We have had a terrific response to the idea that the industry would benefit from a deinking standard. Some of the response has been very positive, and some has been rather more tempered. Between established approaches such as INGEDE Method 11 and a host of bespoke approaches there is a massive gulf. A standard would have to bridge that gulf without being so feeble that it would be useless.
There is no point to developing standards that are not useful in the market, so we must consider as many approaches as possible. The various ideas people have put forward, are providing ISO TC130’s WG11 with the basis for a lively deinking discussion. WG11 is the group that works on standards related to the environmental impact of graphics technology. Its first standard, ISO 16759 for quantifying and communicating the carbon footprint of print media products, was published last July and has been selling at a healthy clip ever since. WG11 has deinking in its sights and will be discussing ideas for a standard at its next meeting in London at the end of March.
Several factors shape the deinkability of printed papers. The type of pulping machine and how long it takes to turn paper into pulp is obviously important, as is the chemistry, surfactants and enzymes involved. It’s a bit like the difference between washing machines and soaps: some combinations work better than others, some are more expensive than others and some have a higher environmental impact. More recent technologies and chemistries would score high for all factors.
And then there is the printed product itself. The printing ink, paper type and printing process used to create it will all influence the deinkability and the suitability of a given deinking process for a particular printed product. And then there’s the type of flotation cell used and the means of ink removal. The flotation cell creates froth which carries the ink up to the surface of the tank, so that it can be removed from the pulp. Obviously the effectiveness of all of this, both environmental and economic, depends on the combination of ink and substrate and its suitability for a given technology and chemistry combination.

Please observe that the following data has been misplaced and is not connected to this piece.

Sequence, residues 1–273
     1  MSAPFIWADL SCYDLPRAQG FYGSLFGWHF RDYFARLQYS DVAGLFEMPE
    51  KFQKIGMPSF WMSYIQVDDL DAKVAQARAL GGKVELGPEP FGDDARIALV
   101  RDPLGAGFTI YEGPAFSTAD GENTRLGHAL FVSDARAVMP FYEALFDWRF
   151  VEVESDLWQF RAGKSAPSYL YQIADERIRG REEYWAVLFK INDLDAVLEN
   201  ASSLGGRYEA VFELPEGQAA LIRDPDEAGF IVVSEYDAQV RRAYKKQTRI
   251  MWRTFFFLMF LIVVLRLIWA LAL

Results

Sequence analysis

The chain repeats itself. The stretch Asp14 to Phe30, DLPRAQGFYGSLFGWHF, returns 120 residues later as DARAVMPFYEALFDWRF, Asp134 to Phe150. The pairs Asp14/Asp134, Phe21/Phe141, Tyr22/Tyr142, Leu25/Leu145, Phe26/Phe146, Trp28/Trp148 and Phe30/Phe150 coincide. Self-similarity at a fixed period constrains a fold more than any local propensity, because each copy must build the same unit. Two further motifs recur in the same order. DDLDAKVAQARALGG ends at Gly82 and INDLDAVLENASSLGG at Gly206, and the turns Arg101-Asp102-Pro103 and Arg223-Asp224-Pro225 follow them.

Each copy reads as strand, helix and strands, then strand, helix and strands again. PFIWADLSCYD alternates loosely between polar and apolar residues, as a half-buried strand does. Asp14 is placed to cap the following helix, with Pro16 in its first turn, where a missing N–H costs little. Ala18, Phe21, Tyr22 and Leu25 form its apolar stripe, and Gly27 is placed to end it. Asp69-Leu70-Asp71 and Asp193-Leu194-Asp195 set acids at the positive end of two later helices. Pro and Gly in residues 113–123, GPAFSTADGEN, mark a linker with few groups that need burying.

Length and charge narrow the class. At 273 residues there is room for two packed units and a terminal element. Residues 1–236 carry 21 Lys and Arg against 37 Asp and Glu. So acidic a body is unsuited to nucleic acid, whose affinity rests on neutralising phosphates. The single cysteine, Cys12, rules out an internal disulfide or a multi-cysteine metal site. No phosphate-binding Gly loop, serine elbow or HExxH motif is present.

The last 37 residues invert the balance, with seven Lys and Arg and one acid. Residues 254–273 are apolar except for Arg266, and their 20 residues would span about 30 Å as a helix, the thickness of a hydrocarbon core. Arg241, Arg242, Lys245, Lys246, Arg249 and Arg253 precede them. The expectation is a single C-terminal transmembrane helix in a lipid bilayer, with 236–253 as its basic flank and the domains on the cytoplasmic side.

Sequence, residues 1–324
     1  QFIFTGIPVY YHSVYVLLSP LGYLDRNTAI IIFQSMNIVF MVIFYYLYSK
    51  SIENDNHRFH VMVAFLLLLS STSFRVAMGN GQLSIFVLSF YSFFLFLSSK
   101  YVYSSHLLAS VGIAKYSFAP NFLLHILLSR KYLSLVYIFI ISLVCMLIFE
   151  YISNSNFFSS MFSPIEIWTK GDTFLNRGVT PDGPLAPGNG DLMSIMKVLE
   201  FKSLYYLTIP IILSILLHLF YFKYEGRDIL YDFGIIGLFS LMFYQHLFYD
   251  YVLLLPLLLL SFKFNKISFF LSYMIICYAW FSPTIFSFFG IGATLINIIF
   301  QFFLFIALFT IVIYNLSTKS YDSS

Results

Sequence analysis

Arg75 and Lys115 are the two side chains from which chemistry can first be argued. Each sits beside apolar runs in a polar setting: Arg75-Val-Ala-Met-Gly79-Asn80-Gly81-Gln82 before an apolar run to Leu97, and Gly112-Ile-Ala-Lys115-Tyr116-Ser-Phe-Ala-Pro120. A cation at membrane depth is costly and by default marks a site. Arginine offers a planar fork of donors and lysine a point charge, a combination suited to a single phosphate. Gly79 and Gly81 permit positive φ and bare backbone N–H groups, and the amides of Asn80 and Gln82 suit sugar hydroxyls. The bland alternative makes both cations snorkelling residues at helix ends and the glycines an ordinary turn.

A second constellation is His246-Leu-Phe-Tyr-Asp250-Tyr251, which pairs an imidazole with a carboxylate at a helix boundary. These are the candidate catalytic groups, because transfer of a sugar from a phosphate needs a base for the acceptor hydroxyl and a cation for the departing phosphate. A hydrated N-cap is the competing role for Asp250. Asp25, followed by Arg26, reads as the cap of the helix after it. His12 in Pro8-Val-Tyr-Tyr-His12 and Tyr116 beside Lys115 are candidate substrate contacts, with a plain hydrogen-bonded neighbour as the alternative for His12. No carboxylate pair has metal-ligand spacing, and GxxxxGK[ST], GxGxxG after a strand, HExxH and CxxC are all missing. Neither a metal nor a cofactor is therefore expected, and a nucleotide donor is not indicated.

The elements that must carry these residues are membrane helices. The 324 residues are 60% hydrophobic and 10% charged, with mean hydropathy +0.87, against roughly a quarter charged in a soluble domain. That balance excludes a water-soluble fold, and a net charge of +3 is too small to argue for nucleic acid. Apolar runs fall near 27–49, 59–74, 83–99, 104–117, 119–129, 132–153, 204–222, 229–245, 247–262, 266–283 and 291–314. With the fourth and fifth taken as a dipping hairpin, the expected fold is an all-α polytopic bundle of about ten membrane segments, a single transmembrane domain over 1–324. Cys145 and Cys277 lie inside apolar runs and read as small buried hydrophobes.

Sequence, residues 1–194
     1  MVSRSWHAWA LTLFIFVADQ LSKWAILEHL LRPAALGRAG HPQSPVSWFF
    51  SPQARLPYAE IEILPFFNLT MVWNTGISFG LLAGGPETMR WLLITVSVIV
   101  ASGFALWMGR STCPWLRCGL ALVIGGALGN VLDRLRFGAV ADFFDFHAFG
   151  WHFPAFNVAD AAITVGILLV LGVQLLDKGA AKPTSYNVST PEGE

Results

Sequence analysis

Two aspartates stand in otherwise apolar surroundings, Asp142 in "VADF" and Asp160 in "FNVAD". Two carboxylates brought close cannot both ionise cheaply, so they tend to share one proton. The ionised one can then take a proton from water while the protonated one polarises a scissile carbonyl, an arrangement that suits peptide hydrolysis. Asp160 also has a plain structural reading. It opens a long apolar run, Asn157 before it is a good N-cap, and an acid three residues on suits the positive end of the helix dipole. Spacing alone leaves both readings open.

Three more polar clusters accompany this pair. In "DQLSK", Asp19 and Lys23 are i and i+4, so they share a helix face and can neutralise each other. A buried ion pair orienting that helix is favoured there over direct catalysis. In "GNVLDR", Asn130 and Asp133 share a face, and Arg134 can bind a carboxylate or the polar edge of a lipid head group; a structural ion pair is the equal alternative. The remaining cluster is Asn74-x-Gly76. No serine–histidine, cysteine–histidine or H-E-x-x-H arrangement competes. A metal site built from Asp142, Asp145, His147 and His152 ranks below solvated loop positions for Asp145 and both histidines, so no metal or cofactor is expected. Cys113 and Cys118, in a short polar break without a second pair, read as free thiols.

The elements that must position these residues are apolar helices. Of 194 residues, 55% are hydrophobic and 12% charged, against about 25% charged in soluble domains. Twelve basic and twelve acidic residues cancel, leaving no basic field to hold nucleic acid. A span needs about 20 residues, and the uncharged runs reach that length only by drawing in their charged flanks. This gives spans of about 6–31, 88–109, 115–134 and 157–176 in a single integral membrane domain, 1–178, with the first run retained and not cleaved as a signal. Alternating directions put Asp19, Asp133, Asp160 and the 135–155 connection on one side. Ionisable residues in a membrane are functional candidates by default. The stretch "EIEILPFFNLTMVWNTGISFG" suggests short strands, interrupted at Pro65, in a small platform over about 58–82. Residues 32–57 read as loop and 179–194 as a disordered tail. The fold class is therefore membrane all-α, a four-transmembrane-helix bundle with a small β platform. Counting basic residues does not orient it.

This was the starting point for one of the approaches WG11 will be looking at in March. Four years ago FOGRA, the wonderfully proactive German printing industry research association, looked at deinking as part of its work to improve the recyclability of print media products. Among other things, FOGRA found that the type of surfactant and paper-ink combination were the most important factors for deinkability. The study concluded that “a deinking standard would also be a useful tool in the systematic assessment of the recycling process.” This is our goal, but we have a lot of chitchat chatting to do before we can reach it.
– Laurel BrunnerVerdigris supporters who make the blog possible: Agfa Graphics (www.agfa.com), Digital Dots (www.digitaldots.org), drupa (www.drupa.com), EFI (www.efi.com), EcoPrint (www.ecoprintshow.com), Fespa (www.fespa.com), Heidelberg (www.uk.heidelberg.com), HP (www.hp.com), Kodak (www.kodak.com/go/sustainability), Pragati Offset (www.pragati.com), Ricoh (www.ricoh.com), Unity Publishing (http://unity-publishing.co.uk) and Xeikon (www.xeikon.com)